Oil Investors Just Aren’t Buying the Price Rebound Story: Gadfly
(Bloomberg Gadfly) —The most striking aspect of the energy sector in recent weeks has been an all-round lack of confidence.
Relative to the wider market, the E&P sector’s performance this month looks even worse given that the S&P 500 is essentially flat.
Clearly, crude oil hovering around $50 a barrel doesn’t represent a return to the good old days.
Oil Price That Doesn’t Represent A Return To Good Old Days
Equally, though, it isn’t at the disastrous levels of a year ago. The futures “strip” — the average price for the next 12 months — has recovered from the sell-off in March and trades around the same level it jumped to in the aftermath of the OPEC supply-cut announcement at the end of November.
Moreover, many E&P companies have already taken the opportunity to lock in prices at around that level via hedges, according to data from Bloomberg Intelligence, providing some protection against any weaker prices ahead. Meanwhile, rig counts, payrolls and services providers such as Halliburton Co. are sending strong signals of a rebound in U.S. onshore drilling.
When earnings season for E&P firms kicks off next week, the messaging, at least, will be pretty bullish in terms of growth plans (and that is what tends to count in this sector). Questions about cost inflation, the shadow hanging over the industry for the past year, will likely be less urgent than on prior calls, given that oilfield-services stocks are down almost as much as their E&P counterparts. So why so glum?
The likeliest culprits are oil and gas prices. The latter, which tends to be forgotten, accounts for roughly half the output of U.S. E&P firms, so it matters. Lingering wintry weather in the northeastern U.S. has helped rally gas prices from their plunge in February, which resulted from the opposite weather pattern that month. Yet E&P stocks weighted to the fuel haven’t responded:
This makes sense, because extra supply from places like the Permian basin and, especially, the Marcellus shale look set to kill any rally as the year progresses.
When it comes to oil, things are more nuanced. At $50 a barrel, the sector can certainly drill more wells, but at a corporate level — factoring in overheads, interest costs, and other unhelpful line items — bottom lines look set to stay razor-thin at best. When OPEC announced its supply-cut plan in November, bumping oil prices up, E&P stocks went up with them, as $50 suddenly appeared to be just a staging post on the way to even higher prices. A month before the OPEC announcement, oil futures for 2017 averaged less than $50; a month later they were above $56.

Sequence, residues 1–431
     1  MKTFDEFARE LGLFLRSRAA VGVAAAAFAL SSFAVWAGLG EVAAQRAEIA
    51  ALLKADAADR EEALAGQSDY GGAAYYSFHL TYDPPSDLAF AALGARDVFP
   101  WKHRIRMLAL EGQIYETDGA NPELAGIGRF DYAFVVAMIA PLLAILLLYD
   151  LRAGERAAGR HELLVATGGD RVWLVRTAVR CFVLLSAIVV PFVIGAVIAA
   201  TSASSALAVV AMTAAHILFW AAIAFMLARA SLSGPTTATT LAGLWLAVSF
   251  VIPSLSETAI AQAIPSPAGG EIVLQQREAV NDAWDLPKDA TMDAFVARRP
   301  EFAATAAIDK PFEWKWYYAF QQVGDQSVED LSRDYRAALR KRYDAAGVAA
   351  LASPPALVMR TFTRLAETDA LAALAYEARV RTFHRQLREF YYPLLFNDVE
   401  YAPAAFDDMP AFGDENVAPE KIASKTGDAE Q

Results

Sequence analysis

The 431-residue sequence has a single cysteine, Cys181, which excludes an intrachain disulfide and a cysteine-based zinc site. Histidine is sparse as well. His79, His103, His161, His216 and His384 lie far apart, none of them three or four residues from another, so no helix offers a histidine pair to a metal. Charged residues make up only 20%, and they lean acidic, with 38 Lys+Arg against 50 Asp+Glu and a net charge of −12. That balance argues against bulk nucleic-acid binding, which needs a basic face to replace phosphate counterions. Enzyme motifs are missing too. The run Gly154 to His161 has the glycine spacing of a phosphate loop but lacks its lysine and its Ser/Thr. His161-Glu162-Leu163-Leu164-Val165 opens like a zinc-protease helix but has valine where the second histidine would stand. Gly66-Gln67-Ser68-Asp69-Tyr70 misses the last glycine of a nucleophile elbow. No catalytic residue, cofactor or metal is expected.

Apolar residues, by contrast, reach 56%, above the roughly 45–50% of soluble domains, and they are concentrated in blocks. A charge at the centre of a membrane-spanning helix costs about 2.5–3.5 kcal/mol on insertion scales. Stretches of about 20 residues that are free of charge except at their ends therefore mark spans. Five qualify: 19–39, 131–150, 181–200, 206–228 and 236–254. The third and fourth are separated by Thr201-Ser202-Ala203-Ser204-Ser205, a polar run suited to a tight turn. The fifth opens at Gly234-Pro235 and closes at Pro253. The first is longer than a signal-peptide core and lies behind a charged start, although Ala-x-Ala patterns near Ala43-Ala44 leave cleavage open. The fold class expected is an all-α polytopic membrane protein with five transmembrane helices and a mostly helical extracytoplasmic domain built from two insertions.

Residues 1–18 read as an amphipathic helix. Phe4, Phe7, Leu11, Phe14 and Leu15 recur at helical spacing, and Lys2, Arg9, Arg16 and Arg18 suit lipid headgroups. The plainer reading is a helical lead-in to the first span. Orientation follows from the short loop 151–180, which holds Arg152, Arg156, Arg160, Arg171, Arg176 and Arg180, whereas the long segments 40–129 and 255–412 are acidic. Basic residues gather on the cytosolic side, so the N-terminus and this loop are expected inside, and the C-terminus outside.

Since then, two things have happened.
First, faith in OPEC’s ability to juice prices in the near term has been shaken as data on inventories have been mixed. Wednesday’s update from the Energy Information Administration offered the latest example, showing a small drop in U.S. crude oil inventories but an increase in stocks of gasoline (oil was almost a buck lower following the report as I wrote this).
Second, enthusiasm for E&P stocks raced ahead of the oil price. Companies involved in the red-hot Permian shale basin rose especially quickly, with a concomitant surge in M&A activity in the region adding to the sense exuberance was getting out of hand. Only a month ago, analysts at Sanford C. Bernstein published a survey showing sector valuations, especially for Permian-focused stocks, were well above historic averages on all major multiples.
So the recent drop looks like a combination of inflated enthusiasm for sector earnings colliding with fatigue around the oil-price recovery.
With the narrative of cost-efficiency and growth plans now widely disseminated, it is going to take an external catalyst to tempt significant money back to the sector — namely, a clearer path to $60 oil. This month’s earnings calls won’t offer that. Look ahead a month, though, and OPEC’s own meeting just might.
This column does not necessarily reflect the opinion of Bloomberg LP and its owners.
Liam Denning is a Bloomberg Gadfly columnist covering energy, mining and commodities. He previously was the editor of the Wall Street Journal’s “Heard on the Street” column. Before that, he wrote for the Financial Times’ Lex column. He has also worked as an investment banker and consultant.